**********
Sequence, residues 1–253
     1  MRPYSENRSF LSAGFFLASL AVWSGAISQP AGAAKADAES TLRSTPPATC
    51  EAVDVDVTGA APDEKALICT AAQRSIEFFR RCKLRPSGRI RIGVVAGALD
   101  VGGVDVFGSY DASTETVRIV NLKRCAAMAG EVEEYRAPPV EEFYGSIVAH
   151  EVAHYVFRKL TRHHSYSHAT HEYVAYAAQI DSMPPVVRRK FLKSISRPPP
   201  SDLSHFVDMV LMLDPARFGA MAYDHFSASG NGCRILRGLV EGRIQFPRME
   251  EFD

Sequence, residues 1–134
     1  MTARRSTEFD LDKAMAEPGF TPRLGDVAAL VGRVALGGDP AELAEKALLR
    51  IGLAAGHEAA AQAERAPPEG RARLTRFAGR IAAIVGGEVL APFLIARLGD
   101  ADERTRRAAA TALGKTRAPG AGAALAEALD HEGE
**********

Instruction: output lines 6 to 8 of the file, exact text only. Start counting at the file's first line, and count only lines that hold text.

   201  SDLSHFVDMV LMLDPARFGA MAYDHFSASG NGCRILRGLV EGRIQFPRME
   251  EFD

Sequence, residues 1–134